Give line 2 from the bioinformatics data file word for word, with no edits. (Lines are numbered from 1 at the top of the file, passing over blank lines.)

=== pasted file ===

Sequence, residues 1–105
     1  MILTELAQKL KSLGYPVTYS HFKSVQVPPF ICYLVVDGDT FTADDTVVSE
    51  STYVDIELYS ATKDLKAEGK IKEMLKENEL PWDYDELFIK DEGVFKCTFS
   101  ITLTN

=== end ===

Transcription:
     1  MILTELAQKL KSLGYPVTYS HFKSVQVPPF ICYLVVDGDT FTADDTVVSE